Zeus is the supreme ruler of all gods, the God of Thunder and Sky, and the Rain God and Cloud Gatherer. He wields a mighty thunderbolt and surpasses every other god in power and rules the heavens. He is a very prominent god in Greek mythology, and he plays several major roles.
Zeus possesses absolute strength and might. However, he is not omniscient. In several myths he can be deceived and is prone to falling in love with several women. In fact, Fate is said to be stronger than Zeus.
His bird is the eagle and his tree the oak.
Zeus makes several appearances throughout Greek mythology. Following is his more important appearances.
In the story of Aesculapius, he kills Aesculapius as the mortal became more and more proud of himself, eventually thinking "thoughts too great for man". Zeus struck him with a thunderbolt, and in revenge Apollo slaughtered the Cyclopes. In turn and angered by this, Zeus punished Apollo by forcing him to serve as a slave to King Admetus.
Creation of the UniverseEdit
When Cronus ruled the universe, Zeus rebelled against him, after Cronus knew by fate that one of his children would dethrone him. Cronus decided to avoid such a fate by swallowing every child he bore with his wife Rhea. However, when Zeus was born, Rhea carried him secretly to Crete and replaced Zeus's supposed body with a stone, which Cronus swallowed, thinking it was Zeus.
When Zeus grew up, a devastating war occurred between Zeus and the Cyclopes vs. Cronus and the Titans. Of course, Zeus won. Zeus punished the Titans harshly, such as the fate of Atlas, who had to carry the world on his back. There was still opposition, however. Typhon emerged, but Zeus defeated him with his thunderbolt. The Giants rebelled, but they were defeated as well and hurled down into Tartarus. From then on, Zeus and his siblings ruled the universe.
Humankind was created shortly after. Different ages occurred, and as each age progressed humankind became worse. In the first age, the Golden Age, humankind prospered, and there was peace. Next came the Silver Age, which were inferior to the Golden Age. Finally, at the fifth age, the Iron Age, humankind became selfish and evil, and today we live in the Iron Age.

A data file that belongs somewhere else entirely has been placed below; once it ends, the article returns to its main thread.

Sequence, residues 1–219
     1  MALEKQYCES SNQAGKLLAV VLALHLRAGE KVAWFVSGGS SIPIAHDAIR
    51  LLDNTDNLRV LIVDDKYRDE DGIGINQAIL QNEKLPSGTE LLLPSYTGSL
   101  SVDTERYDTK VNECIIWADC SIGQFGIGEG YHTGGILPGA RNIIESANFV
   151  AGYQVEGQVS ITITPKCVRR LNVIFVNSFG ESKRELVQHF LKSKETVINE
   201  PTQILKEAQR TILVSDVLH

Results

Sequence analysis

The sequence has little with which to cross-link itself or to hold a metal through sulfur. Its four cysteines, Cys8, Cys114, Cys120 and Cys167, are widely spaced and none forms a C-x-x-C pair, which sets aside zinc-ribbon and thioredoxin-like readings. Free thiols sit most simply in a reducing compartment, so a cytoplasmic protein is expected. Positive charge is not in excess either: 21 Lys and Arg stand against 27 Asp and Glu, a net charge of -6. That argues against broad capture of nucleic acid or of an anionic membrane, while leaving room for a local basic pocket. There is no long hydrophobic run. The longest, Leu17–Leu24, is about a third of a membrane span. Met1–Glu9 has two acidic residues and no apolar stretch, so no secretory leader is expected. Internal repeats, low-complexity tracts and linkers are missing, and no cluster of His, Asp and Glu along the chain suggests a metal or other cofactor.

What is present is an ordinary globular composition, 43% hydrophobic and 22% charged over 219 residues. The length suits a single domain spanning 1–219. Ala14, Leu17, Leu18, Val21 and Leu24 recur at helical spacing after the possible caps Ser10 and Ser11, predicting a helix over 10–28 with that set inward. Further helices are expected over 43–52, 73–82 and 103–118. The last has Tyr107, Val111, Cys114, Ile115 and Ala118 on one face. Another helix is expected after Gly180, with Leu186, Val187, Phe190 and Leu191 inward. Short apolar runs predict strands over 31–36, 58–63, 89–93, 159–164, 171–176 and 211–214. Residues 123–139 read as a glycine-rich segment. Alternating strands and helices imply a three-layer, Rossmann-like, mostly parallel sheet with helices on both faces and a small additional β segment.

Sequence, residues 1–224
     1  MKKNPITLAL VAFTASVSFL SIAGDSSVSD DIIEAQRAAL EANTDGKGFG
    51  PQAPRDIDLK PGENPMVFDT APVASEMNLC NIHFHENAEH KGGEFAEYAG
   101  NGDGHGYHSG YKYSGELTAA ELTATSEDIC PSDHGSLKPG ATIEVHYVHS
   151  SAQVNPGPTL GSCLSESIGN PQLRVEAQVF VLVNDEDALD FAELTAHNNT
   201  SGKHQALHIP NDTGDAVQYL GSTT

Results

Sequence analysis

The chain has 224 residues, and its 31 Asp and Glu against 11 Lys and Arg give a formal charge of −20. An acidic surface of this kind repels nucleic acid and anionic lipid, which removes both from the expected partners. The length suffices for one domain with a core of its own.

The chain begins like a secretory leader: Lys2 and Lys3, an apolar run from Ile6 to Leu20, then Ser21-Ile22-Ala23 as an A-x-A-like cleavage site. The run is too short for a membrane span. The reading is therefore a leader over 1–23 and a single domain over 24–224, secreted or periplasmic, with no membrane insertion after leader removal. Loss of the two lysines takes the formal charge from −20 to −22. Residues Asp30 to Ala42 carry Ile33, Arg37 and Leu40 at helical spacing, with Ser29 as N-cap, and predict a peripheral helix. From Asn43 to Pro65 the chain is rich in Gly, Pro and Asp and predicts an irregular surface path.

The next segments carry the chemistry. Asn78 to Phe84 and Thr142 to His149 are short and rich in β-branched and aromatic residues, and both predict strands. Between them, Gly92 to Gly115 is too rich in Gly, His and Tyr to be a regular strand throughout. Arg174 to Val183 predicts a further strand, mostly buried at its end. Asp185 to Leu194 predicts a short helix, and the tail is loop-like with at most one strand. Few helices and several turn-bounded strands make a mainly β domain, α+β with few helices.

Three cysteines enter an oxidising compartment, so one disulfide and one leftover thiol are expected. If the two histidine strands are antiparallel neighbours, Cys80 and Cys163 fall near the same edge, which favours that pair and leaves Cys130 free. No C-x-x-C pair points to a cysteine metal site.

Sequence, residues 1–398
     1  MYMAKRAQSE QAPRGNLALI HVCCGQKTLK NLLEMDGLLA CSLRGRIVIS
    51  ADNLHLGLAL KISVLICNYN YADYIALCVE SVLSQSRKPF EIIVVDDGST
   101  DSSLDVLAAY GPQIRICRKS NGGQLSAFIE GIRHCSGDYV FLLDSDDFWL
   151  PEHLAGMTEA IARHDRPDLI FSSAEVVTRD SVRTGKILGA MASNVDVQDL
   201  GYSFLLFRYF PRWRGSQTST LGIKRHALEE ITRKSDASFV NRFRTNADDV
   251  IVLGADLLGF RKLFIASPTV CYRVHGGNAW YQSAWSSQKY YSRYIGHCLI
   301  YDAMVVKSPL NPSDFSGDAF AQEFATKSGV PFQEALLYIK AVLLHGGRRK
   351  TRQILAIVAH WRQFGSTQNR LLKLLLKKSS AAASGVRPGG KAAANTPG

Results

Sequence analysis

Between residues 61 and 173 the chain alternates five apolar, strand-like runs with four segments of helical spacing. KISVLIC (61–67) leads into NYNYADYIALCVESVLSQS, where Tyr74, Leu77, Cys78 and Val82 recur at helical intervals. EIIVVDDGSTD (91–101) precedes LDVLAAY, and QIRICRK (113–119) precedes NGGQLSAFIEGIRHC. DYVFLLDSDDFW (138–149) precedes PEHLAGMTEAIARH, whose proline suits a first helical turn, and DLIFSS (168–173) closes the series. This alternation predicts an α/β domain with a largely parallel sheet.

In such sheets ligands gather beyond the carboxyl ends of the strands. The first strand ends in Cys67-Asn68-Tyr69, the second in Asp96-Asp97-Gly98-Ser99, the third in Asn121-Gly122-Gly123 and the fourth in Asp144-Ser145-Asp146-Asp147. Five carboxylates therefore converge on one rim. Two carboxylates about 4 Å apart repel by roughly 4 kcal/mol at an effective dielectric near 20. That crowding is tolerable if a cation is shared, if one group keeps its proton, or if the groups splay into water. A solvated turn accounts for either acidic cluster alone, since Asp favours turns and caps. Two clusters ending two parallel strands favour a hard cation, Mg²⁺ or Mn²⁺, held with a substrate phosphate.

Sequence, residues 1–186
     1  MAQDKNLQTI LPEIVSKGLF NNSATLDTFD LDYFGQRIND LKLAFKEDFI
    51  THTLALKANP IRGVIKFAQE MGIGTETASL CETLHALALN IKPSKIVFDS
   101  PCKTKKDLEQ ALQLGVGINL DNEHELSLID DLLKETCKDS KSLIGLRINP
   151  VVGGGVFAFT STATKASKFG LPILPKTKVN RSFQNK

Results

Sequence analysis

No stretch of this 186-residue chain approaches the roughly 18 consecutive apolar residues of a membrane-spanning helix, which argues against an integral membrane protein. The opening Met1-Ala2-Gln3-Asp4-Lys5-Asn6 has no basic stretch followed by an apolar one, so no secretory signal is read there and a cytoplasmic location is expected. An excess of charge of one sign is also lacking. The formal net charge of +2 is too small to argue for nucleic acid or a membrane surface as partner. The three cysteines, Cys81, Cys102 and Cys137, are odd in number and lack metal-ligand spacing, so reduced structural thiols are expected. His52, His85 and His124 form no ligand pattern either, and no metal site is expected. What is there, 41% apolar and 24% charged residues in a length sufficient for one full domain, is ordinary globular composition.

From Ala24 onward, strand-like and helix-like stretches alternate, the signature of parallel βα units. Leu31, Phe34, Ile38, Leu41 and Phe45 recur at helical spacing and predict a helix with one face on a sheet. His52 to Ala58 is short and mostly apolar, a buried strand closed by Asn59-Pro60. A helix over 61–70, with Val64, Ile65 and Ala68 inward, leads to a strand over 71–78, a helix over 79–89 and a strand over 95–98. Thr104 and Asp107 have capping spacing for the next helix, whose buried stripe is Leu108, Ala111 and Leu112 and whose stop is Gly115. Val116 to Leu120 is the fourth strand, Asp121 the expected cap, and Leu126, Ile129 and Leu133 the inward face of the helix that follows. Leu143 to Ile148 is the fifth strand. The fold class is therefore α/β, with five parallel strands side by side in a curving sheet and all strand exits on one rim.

In the story of Prometheus, Prometheus stole fire and gave it to men. In addition, he arranged that the gods would receive the fat and bones of animals, while man got the best part of their meat. Angered at Prometheus, Zeus created Pandora, which served as the evil of men: women.
After this, Zeus tortured Prometheus to force him to reveal a secret piece of information he knew: that a son would be born to dethrone Zeus, and only Prometheus knew his mother. However, eventually Prometheus was released when Chiron sacrificed his life for him.
The story of Demeter begins when her daughter Persephone is kidnapped by the god of the Underworld, Hades. Demeter mourned dearly for her daughter, and during her daughter's absence a period of crop failure spread throughout the towns. Zeus responded by sending Hermes to order Hades to release Persephone. Hades could not deny Zeus's request, and he relinquished Persephone.
Io and EuropaEdit
Io was a nymph whom Zeus loved. Fearing Hera's jealousy, he concealed her in a thick cloud, which was highly conspicuous and attracted Hera's attention. Zeus was quick-witted, however, and he turned her into a heifer.
Europa was picking flowers in the meadows with her companions. Zeus was watching from above, and Aphrodite had shot an arrow into Zeus's heart, making him instantly fall in love with Europa. Zeus appeared next to the girls with the appearance of a bull, and after Europa mounted him he sped off instantly into the sea. He took Europa to Crete, the island where Rhea had secretly raised him, and there Europa bore sons.